Bike shimmy

Discussion in 'General Bike Discussion' started by Xela, Jul 14, 2009.

  1. Xela

    Xela New Member Tavern Member

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    I thought I would throw this out there in case anyone has experienced this or might in the future.

    Several years ago, I was descending a hill for the first time on a fairly new bike and at about 30 mph, the front end started shimmying from side-to-side. Application of the brakes only made it worse. Very scarey. After that, it seemed to be doing it on just about every hill, and I was getting very nervous whenever I would approach a descent.

    I thought it might be the wheels, so I swapped with a similar set from my LBS and tried the same hill. Still the same problem. I thought maybe it was some flexure between the handlebars and the frame, so I swapped stems. Same problem. The best thing I found to reduce the shimmy, but by no means eliminate it, was lowering my tire pressure. Therefore, I began to think it was due to a frame misalignment or lateral flexure in the frame.

    Soon after that, my bottom bracket separated from the carbon frame, and I upgraded frames with the warrenty credit. New frame did the same. Rode it for a year or so, just taking it easy on the descents, but it was still unpredictable when I would have this problem, and when I wouldn't.

    Got a new frame from a totally different company, and it still would sometimes do it. Getting very frustrated by this point.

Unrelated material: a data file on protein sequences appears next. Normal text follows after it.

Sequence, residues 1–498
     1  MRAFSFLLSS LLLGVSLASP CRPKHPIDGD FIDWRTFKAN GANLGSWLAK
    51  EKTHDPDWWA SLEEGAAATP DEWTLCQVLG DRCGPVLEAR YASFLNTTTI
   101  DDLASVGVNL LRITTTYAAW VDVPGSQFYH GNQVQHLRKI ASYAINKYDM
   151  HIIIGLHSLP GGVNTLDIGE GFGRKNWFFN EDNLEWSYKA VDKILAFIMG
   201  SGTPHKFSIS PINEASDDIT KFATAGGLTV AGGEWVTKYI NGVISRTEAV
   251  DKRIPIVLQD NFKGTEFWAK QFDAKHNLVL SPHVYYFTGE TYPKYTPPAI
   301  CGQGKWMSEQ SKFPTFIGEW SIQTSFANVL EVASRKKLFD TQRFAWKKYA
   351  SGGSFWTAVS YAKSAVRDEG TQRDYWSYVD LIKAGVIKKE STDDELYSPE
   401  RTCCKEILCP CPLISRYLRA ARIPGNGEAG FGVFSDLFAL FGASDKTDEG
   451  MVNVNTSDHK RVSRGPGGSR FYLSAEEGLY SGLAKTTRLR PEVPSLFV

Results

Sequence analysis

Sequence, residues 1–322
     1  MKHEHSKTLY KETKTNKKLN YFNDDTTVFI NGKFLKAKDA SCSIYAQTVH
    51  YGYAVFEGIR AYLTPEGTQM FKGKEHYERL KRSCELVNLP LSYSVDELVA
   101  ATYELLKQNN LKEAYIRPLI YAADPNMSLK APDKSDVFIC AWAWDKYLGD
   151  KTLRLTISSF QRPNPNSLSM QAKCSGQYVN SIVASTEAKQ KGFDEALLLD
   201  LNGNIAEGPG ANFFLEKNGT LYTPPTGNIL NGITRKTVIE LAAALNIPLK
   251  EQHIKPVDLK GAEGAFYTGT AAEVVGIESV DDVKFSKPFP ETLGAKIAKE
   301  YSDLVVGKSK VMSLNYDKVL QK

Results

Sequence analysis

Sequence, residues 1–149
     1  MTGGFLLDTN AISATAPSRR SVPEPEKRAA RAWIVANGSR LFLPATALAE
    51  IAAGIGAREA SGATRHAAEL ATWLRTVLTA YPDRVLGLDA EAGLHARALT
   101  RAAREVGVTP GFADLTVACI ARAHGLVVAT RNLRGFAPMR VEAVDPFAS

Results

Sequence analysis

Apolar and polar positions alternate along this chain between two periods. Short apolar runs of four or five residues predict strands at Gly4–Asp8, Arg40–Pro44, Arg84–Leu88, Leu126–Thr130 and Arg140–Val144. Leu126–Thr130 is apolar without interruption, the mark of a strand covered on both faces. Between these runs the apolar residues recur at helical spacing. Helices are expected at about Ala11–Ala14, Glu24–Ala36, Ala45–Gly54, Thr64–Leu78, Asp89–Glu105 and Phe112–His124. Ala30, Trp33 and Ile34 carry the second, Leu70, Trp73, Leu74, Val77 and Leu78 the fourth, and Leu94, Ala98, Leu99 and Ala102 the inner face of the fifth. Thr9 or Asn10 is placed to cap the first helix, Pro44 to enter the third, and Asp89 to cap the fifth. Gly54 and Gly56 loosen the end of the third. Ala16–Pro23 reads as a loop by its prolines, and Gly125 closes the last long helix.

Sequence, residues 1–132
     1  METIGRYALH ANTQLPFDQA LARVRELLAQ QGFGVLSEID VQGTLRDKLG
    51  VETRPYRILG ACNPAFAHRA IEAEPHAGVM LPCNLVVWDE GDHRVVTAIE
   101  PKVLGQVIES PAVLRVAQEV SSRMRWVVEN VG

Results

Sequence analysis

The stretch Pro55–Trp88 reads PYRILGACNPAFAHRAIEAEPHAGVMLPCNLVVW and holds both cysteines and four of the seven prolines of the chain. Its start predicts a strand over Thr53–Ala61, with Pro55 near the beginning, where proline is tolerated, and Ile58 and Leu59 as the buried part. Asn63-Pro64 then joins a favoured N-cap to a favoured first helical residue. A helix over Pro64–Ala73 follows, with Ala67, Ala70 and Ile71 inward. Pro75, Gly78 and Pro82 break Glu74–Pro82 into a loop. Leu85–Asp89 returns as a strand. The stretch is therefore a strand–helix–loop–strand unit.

However, I figured out what I was doing wrong. Yes, it was me, not the frame or components. I realized when I made sure my front QR skewer was very tight, there is absolutely no problem at all. I guess I just wasn't getting it snug enough and that was allowing lateral motion of the wheel. Since discovering this, my confidence is back, and I'm usually leading on the descents instead of dragging in the back. Hope this never happens to any of you, but if so, tighten your skewer up and try the hill again.
     
  2. Tarukai

    Tarukai SMILEY CAR

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    This is very good advice. If you don't mind me adding something:

    The best way to try and prevent these shimmies is to test the wheel side-to-side before you head out on the trail, and if it's loose enough to wobble a bit, tighten the skewer.

    Good idea to always check components before heading out.
     

  3. Brent

    Brent Shore Rat

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    Alot ofshimmy is rider induced according to the studies I've read something to do with clenching the bars and bike to tight.
     
  4. Xela

    Xela New Member Tavern Member

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    Yeah, Brent. I saw that a lot when I was researching the problem. I did a lot to vary my weight distribution, and would vary my grip as well. Didn't help.

    I should stress that my skewer was not super loose. Just not real tight either. I noticed that my LBS really seems to crank those things on, and that is what I have been doing lately.
     
  5. tajcrews

    tajcrews New Member

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    Dont be too cautious about making sure those QR's are tight. That is the only thing that holds your wheel on so make sure its good and tight. You just need to be able to take it off by hand still. If you cannot close it or open it with your bare hands you got it too tight. Glad to hear you didn't crash bad during that time.